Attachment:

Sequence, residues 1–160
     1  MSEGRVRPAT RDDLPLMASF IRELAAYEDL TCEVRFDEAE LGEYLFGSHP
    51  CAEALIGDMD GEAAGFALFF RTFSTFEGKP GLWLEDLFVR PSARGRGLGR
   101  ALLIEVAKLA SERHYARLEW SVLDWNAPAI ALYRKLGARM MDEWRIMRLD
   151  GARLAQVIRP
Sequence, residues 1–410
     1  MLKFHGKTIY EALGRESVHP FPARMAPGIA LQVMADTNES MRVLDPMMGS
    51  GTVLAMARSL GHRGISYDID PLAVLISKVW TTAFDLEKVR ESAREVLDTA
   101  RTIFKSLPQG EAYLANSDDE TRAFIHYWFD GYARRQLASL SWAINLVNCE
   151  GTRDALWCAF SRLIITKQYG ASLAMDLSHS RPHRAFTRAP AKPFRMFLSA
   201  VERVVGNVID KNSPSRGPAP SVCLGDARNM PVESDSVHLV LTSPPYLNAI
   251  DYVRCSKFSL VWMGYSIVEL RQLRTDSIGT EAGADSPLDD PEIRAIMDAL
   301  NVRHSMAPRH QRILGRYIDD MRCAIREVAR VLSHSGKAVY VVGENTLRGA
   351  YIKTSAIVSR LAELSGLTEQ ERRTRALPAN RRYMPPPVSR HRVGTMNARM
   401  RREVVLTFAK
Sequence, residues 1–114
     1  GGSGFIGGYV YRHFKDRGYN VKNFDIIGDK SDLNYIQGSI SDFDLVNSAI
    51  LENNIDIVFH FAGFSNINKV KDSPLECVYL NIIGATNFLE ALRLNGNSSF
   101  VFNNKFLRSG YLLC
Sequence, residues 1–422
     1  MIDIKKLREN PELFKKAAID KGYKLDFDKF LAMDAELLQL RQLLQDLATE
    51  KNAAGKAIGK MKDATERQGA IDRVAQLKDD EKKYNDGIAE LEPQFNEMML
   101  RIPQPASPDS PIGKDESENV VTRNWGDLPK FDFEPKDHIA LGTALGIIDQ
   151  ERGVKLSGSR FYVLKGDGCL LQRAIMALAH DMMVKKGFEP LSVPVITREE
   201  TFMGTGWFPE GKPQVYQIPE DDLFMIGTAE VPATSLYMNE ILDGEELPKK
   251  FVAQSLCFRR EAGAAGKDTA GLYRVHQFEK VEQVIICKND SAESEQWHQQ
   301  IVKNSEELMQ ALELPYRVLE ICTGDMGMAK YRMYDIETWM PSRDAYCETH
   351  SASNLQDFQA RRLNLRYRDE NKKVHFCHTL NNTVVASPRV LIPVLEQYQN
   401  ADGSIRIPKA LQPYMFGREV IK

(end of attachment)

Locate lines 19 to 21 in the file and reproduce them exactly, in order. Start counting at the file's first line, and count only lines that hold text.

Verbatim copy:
   101  VFNNKFLRSG YLLC
Sequence, residues 1–422
     1  MIDIKKLREN PELFKKAAID KGYKLDFDKF LAMDAELLQL RQLLQDLATE